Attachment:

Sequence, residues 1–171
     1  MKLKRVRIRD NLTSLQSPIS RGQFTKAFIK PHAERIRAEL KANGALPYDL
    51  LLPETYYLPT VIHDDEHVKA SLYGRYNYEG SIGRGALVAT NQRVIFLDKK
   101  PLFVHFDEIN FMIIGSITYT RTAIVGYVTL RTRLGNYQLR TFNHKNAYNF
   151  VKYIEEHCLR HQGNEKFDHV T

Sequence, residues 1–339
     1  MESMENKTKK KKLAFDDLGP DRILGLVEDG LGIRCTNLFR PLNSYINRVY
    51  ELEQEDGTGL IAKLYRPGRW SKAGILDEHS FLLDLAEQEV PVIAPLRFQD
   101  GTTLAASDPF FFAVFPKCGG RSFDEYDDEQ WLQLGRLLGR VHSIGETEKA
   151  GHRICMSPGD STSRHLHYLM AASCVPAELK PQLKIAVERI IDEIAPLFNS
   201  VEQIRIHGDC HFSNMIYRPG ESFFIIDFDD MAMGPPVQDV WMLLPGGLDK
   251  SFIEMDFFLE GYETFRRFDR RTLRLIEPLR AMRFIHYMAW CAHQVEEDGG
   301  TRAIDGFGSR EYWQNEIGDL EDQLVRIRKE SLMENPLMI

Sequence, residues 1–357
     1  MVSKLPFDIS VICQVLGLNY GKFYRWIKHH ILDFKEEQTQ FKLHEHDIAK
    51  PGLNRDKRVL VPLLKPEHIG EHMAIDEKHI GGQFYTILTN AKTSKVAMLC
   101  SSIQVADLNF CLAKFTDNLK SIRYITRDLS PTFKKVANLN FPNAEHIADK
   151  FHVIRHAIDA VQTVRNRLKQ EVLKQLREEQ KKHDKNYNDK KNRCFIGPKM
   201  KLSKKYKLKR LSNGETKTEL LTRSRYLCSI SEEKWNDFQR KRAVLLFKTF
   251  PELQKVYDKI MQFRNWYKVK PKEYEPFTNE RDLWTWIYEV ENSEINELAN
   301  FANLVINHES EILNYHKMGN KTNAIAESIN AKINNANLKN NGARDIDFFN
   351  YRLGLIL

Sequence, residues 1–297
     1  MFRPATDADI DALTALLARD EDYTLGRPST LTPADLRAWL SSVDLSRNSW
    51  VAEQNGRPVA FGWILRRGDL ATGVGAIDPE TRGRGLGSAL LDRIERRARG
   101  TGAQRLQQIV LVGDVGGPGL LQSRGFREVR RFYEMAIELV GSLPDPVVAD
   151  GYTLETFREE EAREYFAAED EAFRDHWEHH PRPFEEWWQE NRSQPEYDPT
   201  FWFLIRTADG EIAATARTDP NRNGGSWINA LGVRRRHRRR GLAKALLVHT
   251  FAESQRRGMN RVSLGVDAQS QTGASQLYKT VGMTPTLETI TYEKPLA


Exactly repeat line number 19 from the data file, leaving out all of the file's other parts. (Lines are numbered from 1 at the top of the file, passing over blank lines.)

   201  KLSKKYKLKR LSNGETKTEL LTRSRYLCSI SEEKWNDFQR KRAVLLFKTF